By Timothy Chipp firstname.lastname@example.org
Niagara Gazette — Peter Castiglione is quiet. He’s a quiet father to his children and grandchildren and a quiet husband to his wife, Eleanor. He often turns his television on, sits on his chair and catches up on the local and national news without ever opening his mouth.
But for one day a week three months every year, the 85-and-a-half-year-old Lewiston resident leaves his personality on the chair while he heads to the entryway of Artpark in the name of charity. And the nuns who run the Heart & Soul Food Pantry are all the more happy.
“This is the one thing he just loves to do,” his daughter, Jane Killewald, said. “This takes him out of himself and allows him to contribute to others.”
Everyone around him says he’s a different kind of person on Tuesday Artpark concert nights, when he collects money from visiting attendees for the Falls pantry. It’s like a transformation.
Not only for himself, though. Everyone around him tends to brighten up just with his presence. whether it’s the little children coming down the hill, excited just to attend the shows, or the volunteers collecting right alongside him, the mood is exponentially brighter.
A couple years ago, the outlook wasn’t as sunny for Castiglione nor his collection cup. Following a back surgery, he was unable to collect at all in 2011. The situation left him a little less spry, a little more gray.
But he was able to recover enough to return in 2012 and again in 2013. And Sister Beth Bosmer, who runs Heart & Soul, which Castiglione’s generosity benefits, said their “main man” said he’s a star.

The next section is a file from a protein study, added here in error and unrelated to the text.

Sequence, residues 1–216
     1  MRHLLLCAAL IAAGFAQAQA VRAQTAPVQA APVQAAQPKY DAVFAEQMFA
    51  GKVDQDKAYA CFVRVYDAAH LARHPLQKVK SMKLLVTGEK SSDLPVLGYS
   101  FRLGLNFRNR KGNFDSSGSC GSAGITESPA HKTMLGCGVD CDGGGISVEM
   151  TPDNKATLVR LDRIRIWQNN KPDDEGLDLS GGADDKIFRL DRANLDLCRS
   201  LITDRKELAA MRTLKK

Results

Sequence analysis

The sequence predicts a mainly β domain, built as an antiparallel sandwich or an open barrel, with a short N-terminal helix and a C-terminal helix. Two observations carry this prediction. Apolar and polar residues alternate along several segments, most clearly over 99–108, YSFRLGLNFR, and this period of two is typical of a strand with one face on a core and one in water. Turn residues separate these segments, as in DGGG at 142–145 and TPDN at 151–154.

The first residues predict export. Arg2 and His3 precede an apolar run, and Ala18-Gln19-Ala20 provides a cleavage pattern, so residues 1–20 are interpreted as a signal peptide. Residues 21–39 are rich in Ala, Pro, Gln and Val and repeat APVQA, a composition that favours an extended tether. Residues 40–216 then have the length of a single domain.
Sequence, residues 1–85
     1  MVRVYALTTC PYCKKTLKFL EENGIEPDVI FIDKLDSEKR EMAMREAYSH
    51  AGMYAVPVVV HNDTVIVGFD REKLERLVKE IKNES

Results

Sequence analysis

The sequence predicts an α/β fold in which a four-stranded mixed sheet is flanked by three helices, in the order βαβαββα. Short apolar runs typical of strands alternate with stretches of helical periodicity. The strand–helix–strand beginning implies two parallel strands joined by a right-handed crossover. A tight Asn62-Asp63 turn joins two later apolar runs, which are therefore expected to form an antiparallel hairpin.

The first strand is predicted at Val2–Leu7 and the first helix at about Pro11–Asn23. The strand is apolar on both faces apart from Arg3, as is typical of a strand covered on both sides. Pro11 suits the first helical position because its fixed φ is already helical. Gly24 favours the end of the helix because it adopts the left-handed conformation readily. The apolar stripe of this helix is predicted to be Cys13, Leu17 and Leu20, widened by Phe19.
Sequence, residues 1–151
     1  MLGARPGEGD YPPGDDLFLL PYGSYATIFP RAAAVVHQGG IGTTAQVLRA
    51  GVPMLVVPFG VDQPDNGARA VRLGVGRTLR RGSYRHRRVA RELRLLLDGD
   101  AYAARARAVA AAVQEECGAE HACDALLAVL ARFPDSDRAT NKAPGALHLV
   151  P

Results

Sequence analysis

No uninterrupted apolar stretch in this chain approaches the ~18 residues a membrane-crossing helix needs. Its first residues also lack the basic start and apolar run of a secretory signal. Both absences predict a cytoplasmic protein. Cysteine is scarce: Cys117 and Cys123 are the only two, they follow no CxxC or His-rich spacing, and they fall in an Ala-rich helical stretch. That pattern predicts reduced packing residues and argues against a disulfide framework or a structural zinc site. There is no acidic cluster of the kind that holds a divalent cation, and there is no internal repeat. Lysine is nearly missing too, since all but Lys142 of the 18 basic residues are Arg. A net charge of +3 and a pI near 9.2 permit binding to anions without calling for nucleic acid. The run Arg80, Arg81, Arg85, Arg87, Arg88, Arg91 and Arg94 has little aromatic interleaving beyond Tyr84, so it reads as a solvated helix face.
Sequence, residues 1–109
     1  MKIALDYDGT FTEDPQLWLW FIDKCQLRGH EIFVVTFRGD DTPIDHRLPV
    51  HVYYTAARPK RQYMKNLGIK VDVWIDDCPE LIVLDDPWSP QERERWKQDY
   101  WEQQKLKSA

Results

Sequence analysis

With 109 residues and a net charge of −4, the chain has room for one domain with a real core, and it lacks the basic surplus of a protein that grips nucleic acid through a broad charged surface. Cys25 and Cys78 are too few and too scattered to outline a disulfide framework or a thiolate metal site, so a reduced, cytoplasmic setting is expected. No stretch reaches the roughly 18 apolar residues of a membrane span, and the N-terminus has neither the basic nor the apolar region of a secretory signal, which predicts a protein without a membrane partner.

“Telling everyone, ‘A dollar goes a long way,’ he’s a special star during the concert evenings,” she said before honoring Castiglione for his service recently. “In fact, many of the ladies will only give a donation if they can give it to Pete, who usually collects lots of hugs as well. There is only one Pete and we are so grateful he belongs to Heart & Soul.”
A typical summer Tuesday for Castiglione involves a handful of candies and a pair of arms ready to envelope his friends in those hugs as many times as possible. Remember, this is a quiet man. He spends his other days enjoying the news more than a conversation. “I’m not used to talking about myself,” he jokes.
But there’s something different about helping the children who come down the hill, looking for a bit of a sweet payoff for their parents’ dollar bills and coins. Or the wheelchair-bound girls, sometimes forced to rely on others but always glad to be at Artpark, he said.
Heart & Soul isn’t the only time he’s ever helped anyone, though. The retired carpenter, who helped build the house on Elliott Drive he calls home today, volunteered for more than a decade in North Tonawanda, at a different pantry. His wife continues to help at the place to this day, though he had to stop.
What does it all mean? Well, the amount of hurt in the world speaks to him. He sees the news, reads the newspapers. He knows he needs to do whatever he can to ease the suffering even just a little.
“There’s page after page (in the newspaper) about a benefit for this person or a benefit for that person,” he said. “There’s such a big need out there. There’s a lot of people hurting.”
So Tuesday, when the last concert-goer passed by and dropped a dollar in his pot, he was both sad and excited. He knew the money he’d spent 12 weeks volunteering for would go to help some important people. Not ones spoken of in the headlines, but important because they’re alive.
But he was also sad, his latest season had just come to an end and he needed to go home. He needed to take a shower – there were a lot of bugs in the air that night – and move forward with his life.
His season of helping was at an end.
“Hopefully I’ll be there next year,” he said through a laugh. “I was saying, ‘This is the last night,’ looking for more money, more than a dollar. It was a great night.”
If you can forget the bugs, that is.Contact reporter Timothy Chipp at 282-2311, ext. 2251 or follow on Twitter @timchipp.